Anti-corrosion technology for automotives with no heavy metals

Materials World magazine
,
2 Oct 2007

International Ford Motor Company has developed an anti-corrosion technology that does not use heavy metals. The company claims this reduces water use in automotive paint shops by half, decreases the production of waste sludge by 90% and makes the entire pre-treatment process more efficient.

The technique makes use of a zirconium oxide vehicle bath rather than the conventional heavy metal zinc phosphate bath. The traditional process comprises 13 steps. The phosphate stage involves a three-cation heavy metal material (zinc, nickel and manganese) conversion coating. The bath is 140,000 gallons and is kept at a constant temperature of 120ºF (48.8ºC).

Tim Weingartz Manager of Paint Materials and Strategy, based in Dearborn, USA, explains, ‘The chemical reaction creates a sludge in the bath that needs to be filtered out and then hauled away. The vehicle bodies then pass through two stages of city water rinse [and] four stages of de-ionised water to ensure that [they] have been completely rinsed of all residual cleaner and phosphate chemicals before they enter the electrocoat dip system.’

The zirconium oxide-based system cuts this entire process down to eight steps, and is said to be comparable to zinc phosphate in its corrosion resistance properties.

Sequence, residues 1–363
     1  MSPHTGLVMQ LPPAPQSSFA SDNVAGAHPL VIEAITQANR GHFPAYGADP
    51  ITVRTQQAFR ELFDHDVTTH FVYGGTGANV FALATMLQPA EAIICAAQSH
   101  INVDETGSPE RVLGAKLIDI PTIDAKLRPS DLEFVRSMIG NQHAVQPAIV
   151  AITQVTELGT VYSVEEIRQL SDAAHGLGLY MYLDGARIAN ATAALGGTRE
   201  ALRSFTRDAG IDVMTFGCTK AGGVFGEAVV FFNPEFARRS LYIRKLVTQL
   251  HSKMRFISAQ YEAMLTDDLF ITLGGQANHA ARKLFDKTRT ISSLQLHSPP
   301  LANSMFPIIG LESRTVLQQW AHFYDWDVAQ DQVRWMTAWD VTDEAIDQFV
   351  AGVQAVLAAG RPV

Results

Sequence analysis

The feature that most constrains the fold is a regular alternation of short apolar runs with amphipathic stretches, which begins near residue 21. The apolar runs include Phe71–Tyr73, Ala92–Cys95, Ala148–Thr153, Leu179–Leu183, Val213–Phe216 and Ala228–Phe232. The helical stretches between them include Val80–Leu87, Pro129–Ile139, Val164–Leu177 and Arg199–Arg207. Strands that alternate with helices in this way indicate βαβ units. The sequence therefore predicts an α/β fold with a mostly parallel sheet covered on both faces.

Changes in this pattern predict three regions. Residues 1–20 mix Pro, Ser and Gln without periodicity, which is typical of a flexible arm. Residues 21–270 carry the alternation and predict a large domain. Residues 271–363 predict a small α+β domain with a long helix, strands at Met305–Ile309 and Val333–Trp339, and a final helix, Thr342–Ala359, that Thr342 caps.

Weingartz says, ‘The current system consists of multilayers of protection. The main components are two-sided zinc coated steel, dip phosphate and lead-free electrocoat. Zirconium oxide in this application is not a crystalline structure like zinc phosphate, but an amorphous and thinner coating on the steel surface.

‘The new process is more environmentally friendly because it does not use bio-accumulating heavy metals, it does not generate sludge, does not need to be heated [saving energy] and reduces the amount of water used.’ The technology can be run at ambient temperatures. Field tests will continue up to early 2008, when Ford will determine its rollout plans to paint shops in North America.

‘Even though zinc phosphates are robust and provide excellent corrosion protection, there is potential that heavy metals will be regulated in the future,’ adds Weingartz.

 

Further information:

Ford